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# Very remote stop

## Very remote stop

(OP)
Can anybody help ?
Ive had to install an emergency stop button about a kilometer away from the controls of an old ski tow.

the problem is that the button doesnt always stop the tow and I suspect it has to do with capacitance in the line.

Anybody got any ideas
Any solutions ?

Thanks

Andrew
Replies continue below

### RE: Very remote stop

Is the control loop AC or DC?  Related discussion and links in Thread237-83120

### RE: Very remote stop

Hello AfricanElectric

It sounds like you m ay be using an elecronic input for you remote stop input (PLC or something?)
You will have leakage and capacitance on a long run, and the most reliable way is to ensure that energy is fed down the circuit.
I would suggest that you use a fairly large relay at the receive end so that there is a reasonable current flowing. I would also use DC to reduced capacitive effects.
If you wish to have a fail safe system, then a two wire circuit has problems. If you use the circuit with the relay powered for a healthy circuit, then a short on the circuit will defeat your remote stop. If you use the circuit with the relay power for a stop, then an open circuit will defeat the system.
It would be more reliable to use two relays and a three wire circuit with a change over contact at the remote end. The two relays would be arranged such that one and only one is powered at any time. Relay A is powered for run and relay B is powered for stop. The contacts from the relays are wired in series, NO for relay A and NC for relay B.
This will determine an open circuit, or a short circuit and give you a more fail safe circuit.

Best regards,

Mark Empson
http://www.lmphotonics.com

### RE: Very remote stop

If you're using ac control power, then this circuit is way too long and you are seeing classic problem of capacitance in the control circuit.

You can use interposing relays with dc control power, probably using the same wires you now have in place.

As Marke mentions, if this is truly an Emergency Stop function with life safety implications, you will need to address fail-safe issues.

### RE: Very remote stop

Hello AfricanElectric,

What you describe is classic in the coal mining industry. We used to use the same setup with the same problems. The coal mining industry (at least in the USA and Australia) has moved to using a Dupline system. Dupline is a product family manufactured by Carlo Garvazzi, and can be found at http://www.dupline.com. It can be designed to be failsafe and it has a range of several kilometers. The only drawback in your application is the type of cable spanning between the E-Stop button and the motor controls. Dupline is a communications bus technology and works over a single twisted pair cable. If you are using single (untwisted) conductors in a cable or conduit then it won't work reliably.

If you want, I can send you more detailed information.

Cheers,
John

### RE: Very remote stop

(OP)
Hello again

Thanks a lot for the help, blokes.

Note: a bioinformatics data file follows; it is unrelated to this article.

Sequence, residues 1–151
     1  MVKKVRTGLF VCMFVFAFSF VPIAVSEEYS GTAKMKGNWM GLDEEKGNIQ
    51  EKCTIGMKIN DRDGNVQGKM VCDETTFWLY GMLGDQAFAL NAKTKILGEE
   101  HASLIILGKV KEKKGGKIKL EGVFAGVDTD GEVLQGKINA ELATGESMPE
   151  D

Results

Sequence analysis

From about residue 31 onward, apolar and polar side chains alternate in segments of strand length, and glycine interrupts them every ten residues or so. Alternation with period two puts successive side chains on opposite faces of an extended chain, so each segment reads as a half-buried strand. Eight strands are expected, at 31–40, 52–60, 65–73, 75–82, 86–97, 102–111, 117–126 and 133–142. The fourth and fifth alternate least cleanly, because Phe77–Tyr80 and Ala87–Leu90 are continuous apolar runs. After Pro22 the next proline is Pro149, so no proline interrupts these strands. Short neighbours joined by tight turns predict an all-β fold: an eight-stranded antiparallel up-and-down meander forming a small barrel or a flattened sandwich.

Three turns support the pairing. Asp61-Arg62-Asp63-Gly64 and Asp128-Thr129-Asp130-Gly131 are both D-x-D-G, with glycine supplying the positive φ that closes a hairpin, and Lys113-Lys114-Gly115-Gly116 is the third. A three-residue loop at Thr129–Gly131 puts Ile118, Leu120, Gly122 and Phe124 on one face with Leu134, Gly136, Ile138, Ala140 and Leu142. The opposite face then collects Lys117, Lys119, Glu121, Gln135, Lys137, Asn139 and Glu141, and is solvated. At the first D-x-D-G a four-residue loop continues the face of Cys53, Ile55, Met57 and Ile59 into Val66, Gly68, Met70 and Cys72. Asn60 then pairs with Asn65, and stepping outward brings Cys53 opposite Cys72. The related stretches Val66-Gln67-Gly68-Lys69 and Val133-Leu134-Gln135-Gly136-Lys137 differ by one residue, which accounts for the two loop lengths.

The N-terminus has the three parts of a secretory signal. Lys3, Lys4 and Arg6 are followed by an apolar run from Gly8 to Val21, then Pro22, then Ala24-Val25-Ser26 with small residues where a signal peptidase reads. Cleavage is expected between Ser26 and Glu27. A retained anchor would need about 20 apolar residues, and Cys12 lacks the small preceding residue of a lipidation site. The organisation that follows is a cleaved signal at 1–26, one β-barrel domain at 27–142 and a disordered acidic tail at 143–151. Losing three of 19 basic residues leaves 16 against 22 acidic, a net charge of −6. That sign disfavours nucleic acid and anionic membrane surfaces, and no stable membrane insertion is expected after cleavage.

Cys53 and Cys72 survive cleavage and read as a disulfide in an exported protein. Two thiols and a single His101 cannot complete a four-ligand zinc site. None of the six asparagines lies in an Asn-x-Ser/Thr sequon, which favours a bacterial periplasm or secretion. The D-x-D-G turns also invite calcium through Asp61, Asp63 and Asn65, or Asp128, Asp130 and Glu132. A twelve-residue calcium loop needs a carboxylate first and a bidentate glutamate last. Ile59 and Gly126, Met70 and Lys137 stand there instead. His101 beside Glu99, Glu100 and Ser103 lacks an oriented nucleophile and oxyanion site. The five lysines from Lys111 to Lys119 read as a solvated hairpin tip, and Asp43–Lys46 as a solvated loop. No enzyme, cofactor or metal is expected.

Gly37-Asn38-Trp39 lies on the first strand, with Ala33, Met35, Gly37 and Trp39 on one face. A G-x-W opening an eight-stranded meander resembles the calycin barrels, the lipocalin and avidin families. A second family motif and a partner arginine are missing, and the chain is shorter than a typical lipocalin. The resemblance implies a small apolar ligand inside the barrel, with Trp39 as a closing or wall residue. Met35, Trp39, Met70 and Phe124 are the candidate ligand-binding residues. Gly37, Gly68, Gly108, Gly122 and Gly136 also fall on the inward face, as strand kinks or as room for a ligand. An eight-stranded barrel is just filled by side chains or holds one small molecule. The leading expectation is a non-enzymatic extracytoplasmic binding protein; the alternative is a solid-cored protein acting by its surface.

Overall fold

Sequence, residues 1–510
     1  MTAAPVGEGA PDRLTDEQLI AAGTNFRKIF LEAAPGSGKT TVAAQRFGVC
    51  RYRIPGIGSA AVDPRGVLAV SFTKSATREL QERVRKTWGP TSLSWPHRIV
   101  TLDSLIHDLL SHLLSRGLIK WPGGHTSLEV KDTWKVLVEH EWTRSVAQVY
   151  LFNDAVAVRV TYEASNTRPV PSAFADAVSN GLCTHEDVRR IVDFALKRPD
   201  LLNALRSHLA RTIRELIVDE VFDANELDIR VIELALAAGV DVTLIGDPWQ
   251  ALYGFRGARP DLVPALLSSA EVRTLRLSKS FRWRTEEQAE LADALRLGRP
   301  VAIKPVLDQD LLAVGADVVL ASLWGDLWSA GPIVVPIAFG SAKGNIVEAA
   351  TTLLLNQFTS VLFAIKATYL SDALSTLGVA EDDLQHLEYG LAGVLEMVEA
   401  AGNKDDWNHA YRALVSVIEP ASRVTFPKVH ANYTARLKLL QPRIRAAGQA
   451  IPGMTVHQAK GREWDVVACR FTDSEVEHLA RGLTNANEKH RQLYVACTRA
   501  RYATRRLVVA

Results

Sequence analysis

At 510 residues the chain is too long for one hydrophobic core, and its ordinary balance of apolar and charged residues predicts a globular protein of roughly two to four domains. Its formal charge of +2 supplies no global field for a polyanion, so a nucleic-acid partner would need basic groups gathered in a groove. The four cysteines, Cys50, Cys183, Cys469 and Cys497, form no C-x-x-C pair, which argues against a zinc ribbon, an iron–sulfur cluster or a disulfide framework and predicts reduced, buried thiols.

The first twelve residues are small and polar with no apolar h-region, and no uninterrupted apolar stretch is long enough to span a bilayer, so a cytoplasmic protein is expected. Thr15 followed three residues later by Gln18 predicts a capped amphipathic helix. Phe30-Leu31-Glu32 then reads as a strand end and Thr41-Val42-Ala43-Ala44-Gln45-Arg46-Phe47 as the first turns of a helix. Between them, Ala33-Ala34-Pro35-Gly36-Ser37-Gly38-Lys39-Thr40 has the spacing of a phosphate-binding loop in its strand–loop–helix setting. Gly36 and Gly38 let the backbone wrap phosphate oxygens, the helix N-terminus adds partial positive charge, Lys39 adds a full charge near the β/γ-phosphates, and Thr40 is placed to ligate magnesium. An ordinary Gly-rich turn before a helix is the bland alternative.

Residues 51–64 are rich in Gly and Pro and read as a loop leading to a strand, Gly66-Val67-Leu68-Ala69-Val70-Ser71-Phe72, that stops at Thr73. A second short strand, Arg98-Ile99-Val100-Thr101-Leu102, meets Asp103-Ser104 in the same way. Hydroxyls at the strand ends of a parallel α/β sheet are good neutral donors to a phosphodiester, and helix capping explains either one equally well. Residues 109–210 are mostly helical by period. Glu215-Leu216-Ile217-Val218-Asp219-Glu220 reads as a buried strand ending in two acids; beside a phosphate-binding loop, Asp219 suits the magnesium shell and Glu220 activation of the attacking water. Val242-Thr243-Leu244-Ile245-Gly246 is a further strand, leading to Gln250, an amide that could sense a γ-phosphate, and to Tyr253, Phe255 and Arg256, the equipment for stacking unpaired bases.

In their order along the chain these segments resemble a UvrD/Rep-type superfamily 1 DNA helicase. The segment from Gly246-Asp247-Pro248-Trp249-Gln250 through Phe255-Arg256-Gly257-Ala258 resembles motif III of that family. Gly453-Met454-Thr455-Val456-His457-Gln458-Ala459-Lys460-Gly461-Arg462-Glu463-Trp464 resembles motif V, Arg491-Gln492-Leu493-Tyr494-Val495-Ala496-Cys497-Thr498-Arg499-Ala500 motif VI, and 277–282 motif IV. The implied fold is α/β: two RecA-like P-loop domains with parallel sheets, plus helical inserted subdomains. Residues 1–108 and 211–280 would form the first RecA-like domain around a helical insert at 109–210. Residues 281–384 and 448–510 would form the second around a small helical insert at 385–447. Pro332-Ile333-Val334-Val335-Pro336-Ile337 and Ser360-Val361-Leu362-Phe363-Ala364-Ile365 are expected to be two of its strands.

Given me quite a bit to think about.

Its a brilliant website.

Andrew

### RE: Very remote stop

Hello AfricanElectric,

One way to do your emergency stop circuit is to use a 24 volt direct current power supply such as a power brick at the emergency stop end of the circuit. The emergency stop button would need to use double pole double throw ( form C ) contacts and at the motor end you would need a 24 volt DC relay preferably of the wide voltage range that can tolerate the 20 volt end voltage of a 24 volt battery. The normally closed contacts of the emergency stop button should interrupt both sides of the 24 volts from the power supply. The normally open contacts should be connected in parallel with each other and connected downstream of the normally closed contacts so as to short the line and discharge its capacitance when the emergency stop botton is pushed. The relay at the far end might need to be a 12 volts DC relay that uses a 7812 voltage regulator with some 1 microfarad capacitors for noise reduction and stabilization. Either voltage relay also needs a diode connected across the coil so that the diode is biased off when the DC is applied so that the diode will carry the inductive kick of the coil when turned off - this will increase the dropout time but only a little. The emergency stop button should be of the maintained contact type so that no harm will be done by a slow dropout time due to wiring capacitance.

An alternate way to do a failsafe emergency stop circuit is to use a UL Listed fire alarm or burglar alarm box at your ski lift motor controller.

Failsafe circuits for fire alarms and burglar alarms use the Wheatstone Bridge principle to detect normal, shorted, and open circuit conditions. Three of the bridge resistors, usually 10,000 ohms each, are located in the alarm panel. The fourth resistor is located at the far end of the circuit.

In a normally closed circuit, what is used for lead tape on windows and so forth, an open circuit condition triggers the alarm and s short circuit triggers the fault alert. A circuit resistance of 10,000 ohms indicates normal conditions.

For a normally open circuit the shorted condition is the alarm condition and an open circuit is the fault condition. For 4 wire circuits that supply smoke detectors and motion detectors there is a relay at the far end of the circuit that opens the resistor upon failure of the control power. A more sophistocated relay would be an interval relay that altenates between 10,000 ohms and open circuit so that a bad relay can be detected.

For either method you would need to use direct burial rated telephone cable that is filled with a waterproofing gel. 19 gauge telephone cable would be a good investment because that is the largest gauge telephone cable next to open wires. You can get direct burial cable that is 19 gauge with as few as 3 pairs of wire and a layer of steel to deter gophers and tree roots from breaking the cable.

You will need 2 kilometers of cable, maybe more. When direct burying small telephone cables you need to pay out 1.5 to 2 feet of cable for each foot of trench. (1.5 to 2 meters of cable per meter of trench for metric.) This is so that the cable can conform to the bottom of the trench when backfilling. If you are running the cable overhead using a steel messenger cable for support you will need to leave lots of slack when stringing it during the summer and leave a generous slack loop at each support pole.